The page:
Pensioners over the age of 90 are hospitalized after taking cocaine, as research by the NHS has revealed.
According to the report, ten elderly patients were hospitalized for "mental and behavioral disorders due to cocaine use".
According to NHS Digital, the number of people hospitalized in the non-generational group due to cocaine use is the same as last year.
The analysis shows that the number of people aged 60+ treated in England for cocaine-related disorders has risen by 88 percent.
It rose from 45 people per year in 2009 to 379 people this year.
Dr. Emily Finch, deputy chair of the Addiction Department at the Royal College of Psychiatrists, told The Sunday Times that the increase in the number of retirees taking drugs is associated with longer life expectancy, increasing drug purity, and falling purchase prices.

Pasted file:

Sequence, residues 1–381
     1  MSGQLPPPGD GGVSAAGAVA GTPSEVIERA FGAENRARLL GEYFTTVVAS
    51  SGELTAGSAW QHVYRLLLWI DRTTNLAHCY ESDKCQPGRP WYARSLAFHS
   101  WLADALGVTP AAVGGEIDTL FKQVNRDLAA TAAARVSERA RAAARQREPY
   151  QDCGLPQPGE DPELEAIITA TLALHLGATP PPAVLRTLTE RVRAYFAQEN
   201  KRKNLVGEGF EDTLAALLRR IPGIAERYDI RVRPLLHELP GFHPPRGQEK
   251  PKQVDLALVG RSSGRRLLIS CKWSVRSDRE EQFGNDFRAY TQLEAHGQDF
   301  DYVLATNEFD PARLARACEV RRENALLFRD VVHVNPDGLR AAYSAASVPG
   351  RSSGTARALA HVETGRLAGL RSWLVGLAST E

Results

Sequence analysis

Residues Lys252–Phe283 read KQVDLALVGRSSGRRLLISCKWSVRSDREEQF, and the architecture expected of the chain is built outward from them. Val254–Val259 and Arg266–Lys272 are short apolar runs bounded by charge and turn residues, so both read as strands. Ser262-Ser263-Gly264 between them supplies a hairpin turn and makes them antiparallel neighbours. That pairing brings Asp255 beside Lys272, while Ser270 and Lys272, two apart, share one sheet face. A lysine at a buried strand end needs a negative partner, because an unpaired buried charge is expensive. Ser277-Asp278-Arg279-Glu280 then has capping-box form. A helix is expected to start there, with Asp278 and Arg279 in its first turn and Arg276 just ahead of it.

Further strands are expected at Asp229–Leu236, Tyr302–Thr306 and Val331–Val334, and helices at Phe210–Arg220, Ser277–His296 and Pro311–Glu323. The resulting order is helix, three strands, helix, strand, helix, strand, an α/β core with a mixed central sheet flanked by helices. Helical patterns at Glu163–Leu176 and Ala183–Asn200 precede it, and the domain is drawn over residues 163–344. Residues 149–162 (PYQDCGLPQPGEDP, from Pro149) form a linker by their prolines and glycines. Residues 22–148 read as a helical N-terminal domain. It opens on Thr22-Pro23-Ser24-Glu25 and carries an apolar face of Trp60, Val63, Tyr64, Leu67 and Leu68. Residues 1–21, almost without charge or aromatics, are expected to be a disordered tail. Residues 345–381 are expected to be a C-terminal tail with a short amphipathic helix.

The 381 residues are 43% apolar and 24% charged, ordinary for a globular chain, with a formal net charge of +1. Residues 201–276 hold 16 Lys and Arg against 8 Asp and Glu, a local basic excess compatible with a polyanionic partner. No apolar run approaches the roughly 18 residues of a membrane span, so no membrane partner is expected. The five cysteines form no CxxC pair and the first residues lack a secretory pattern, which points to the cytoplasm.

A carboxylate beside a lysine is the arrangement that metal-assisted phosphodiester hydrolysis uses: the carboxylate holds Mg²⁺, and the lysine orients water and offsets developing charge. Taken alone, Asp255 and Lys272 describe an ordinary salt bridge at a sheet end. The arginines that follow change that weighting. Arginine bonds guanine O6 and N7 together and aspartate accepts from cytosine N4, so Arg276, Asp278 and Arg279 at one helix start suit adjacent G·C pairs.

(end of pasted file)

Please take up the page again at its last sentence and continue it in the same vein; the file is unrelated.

She said the trend was "deeply worrying."
Dr. Finch added, "Many people are unaware that cocaine use can lead to psychological problems, which makes people feel so uncomfortable that they need to be hospitalized."
Karen Tyrell of the drug development Addaction said, "We need to postpone the story to let people know that it's okay to ask for help or support at a much earlier date."
In April, Chancellor Sajid Javid accused medium-sized consumers of playing a key role in the drug problem.
He was quoted as saying, "You may never enter a deprived area, you may never see an act of grave violence, but their illegal habits exacerbate the fire that engulfs our communities."